The salep, is a drink made of flour from the tubers of the orchids. Salep was very popular in the Ottoman Empire and especially in the Levant.
Salep was known from ancient times when Romans used ground orchid bulbs to make a drink called satyrion which was considered a great aphrodisiac, restoring a man’s virility and passion. In the lands of the Ottomans, salep was used to fatten women especially before their marriage. This beverage was made popular in the West, in England and Germany, in the eighteenth century, even before coffee. It was known as saloop and was made of salep powder with water and flavoured with orange or rose water. This hot beverage was sold instead of tea and coffee, which were much more expensive, and was served in a similar way with milk and sugar. But when it was purported to heal venereal diseases drinking it in public became shameful and the salep stalls were replaced with tea and coffee stalls.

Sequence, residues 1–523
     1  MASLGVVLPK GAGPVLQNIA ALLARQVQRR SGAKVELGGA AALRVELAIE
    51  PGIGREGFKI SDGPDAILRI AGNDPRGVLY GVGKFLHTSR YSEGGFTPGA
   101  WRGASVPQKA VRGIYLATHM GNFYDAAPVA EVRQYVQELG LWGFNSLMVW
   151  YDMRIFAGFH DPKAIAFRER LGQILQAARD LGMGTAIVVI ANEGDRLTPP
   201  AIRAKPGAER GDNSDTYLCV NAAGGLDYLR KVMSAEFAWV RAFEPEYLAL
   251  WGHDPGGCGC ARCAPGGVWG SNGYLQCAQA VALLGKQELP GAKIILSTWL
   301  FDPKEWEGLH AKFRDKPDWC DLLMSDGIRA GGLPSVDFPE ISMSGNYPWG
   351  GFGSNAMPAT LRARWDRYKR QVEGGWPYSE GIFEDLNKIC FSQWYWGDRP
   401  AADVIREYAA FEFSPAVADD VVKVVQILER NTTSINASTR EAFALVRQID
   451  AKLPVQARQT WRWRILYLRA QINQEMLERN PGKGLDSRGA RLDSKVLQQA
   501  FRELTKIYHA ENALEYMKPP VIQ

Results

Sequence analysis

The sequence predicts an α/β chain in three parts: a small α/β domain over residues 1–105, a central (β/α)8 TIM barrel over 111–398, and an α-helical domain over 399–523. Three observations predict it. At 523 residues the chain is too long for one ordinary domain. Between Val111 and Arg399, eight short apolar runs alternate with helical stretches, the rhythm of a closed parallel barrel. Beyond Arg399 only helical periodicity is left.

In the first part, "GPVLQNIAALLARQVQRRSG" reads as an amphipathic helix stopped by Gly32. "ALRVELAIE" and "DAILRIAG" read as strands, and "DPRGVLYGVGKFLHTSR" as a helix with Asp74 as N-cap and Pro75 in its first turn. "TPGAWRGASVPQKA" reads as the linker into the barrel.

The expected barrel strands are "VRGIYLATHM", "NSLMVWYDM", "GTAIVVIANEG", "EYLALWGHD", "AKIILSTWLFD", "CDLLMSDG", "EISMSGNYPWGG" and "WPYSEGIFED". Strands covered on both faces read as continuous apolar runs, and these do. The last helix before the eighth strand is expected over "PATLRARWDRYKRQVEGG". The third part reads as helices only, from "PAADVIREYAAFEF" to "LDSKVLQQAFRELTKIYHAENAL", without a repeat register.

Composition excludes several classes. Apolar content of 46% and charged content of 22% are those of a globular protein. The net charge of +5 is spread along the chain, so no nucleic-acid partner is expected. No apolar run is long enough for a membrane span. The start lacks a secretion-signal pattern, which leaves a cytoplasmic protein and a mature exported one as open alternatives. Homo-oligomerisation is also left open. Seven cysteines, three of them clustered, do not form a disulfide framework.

Today, salep is made with hot milk and sugar instead of water and in Turkey and the Levant salep puddings and ice cream are made. But salep endangered the population of wild orchids and there is a strong outcry against using the orchid bulbs. So, artificial flavouring is often used. It takes 1000-4,000 bulbs to make a kilo of salep which led traders to harvest wild orchids in Turkey, Iran and even Greece.
Walking in old Nicosia you can still see salep sellers with their stalls on wheels offering hot salep in these cold winter days.
The ‘Did You Know’ series is made possible with the support of OPAP (Cyprus).